I don’t come from some omniscient, lofty standpoint – I’m sure I say racist things everyday without even realizing it.  I grew up as a white woman in a racist society, and I have work to do to properly view my place in society from an unprivileged perspective.  And while by no means am I condoning expressions of racism, we need to accept that our culture is indeed racist, and that we have work to do in recognizing this and fixing it. 

If you come from an opposing standpoint, you can at least listen to what the protestors and POC are saying, and try and educate yourself on the issues before speaking out in opposition. Yea, being politically correct and understanding a different perspective takes some work.  It takes self-censorship, research, education, and an open mind.  And if you’re not willing to do the work to counter such racism and other social issues, then that truly speaks to your privilege.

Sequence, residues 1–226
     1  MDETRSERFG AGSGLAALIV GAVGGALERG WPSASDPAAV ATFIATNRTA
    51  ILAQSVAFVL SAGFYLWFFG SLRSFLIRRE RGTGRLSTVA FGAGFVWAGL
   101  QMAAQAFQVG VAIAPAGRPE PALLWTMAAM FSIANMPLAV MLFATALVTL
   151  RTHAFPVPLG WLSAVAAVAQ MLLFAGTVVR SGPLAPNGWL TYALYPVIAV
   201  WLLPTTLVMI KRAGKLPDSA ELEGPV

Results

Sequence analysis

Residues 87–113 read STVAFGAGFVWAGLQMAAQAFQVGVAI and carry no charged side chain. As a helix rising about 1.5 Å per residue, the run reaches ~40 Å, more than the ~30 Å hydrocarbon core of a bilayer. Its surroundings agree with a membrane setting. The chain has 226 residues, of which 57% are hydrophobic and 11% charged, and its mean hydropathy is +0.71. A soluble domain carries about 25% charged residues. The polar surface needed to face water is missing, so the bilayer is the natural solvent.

To the issues specific to Ithaca, I’d like to bring light to a few things: